Well, if the petition went on to say “…until such time as fail-safe judicial measures can be implemented” then I’d have a hard time signing that petition too. But citing reasons for one’s opposition to the death penalty doesn’t impose a condition on that opposition. IMO, the reason people cite the racial and social bias apparent in the death penalty is because the argument on a criminal’s human rights is often answered by supporters with “vicious criminals deserve to die; it’s justice.” It’s now up to opponents of the death penalty to demonstrate how the DP machine isn’t functioning in a just manner, and instead of the crime being the determinant, it’s the accused’s race and social class. And not only that it’s functioning in such a manner now, but that this bias is an inherent feature in the death penalty machine overall.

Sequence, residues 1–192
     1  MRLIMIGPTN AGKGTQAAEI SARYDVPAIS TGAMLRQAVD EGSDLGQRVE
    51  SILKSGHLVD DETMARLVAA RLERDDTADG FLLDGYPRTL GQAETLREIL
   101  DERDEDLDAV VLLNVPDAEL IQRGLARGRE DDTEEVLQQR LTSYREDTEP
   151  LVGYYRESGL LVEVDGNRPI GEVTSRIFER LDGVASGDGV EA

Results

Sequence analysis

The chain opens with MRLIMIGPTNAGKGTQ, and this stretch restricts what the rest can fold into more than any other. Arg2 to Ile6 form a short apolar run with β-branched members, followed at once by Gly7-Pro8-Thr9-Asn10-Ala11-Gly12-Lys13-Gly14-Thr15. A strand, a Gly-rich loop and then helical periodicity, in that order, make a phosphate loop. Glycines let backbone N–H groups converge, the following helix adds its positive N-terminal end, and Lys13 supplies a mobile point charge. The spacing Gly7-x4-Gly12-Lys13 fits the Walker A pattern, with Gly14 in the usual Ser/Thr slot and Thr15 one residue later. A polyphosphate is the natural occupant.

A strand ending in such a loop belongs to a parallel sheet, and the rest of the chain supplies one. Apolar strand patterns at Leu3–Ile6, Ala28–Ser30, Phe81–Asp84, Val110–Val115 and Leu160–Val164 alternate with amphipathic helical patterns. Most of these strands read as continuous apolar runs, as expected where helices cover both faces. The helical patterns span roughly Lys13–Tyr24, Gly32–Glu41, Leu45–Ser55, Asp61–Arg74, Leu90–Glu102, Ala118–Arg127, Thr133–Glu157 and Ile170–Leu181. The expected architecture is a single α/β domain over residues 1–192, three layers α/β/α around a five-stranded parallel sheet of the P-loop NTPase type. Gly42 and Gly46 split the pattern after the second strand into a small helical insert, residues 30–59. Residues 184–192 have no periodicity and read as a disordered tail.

Additionally, I don’t think the positions are mutually exclusive. I can be opposed to the death penalty both from a political and a moral standpoint, and therefore call for a moratorium and from there abolition. (As a matter of fact, one of the main slogans in the Campaign to End the Death Penalty is “Moratorium Now - Abolition Next”.) Abolition becomes that much easier to achieve when moratoria start falling into place. Refusing to support a moratorium only makes achieving abolition harder, and thus reluctance to call for a moratorium simply because of a perceived sentiment in the language of a petition makes no sense.
Of course, you could always ask the petitioner if they would support the death penalty given a fail-safe judicial framework, but dollars to doughnuts you’re not going to find very many of them.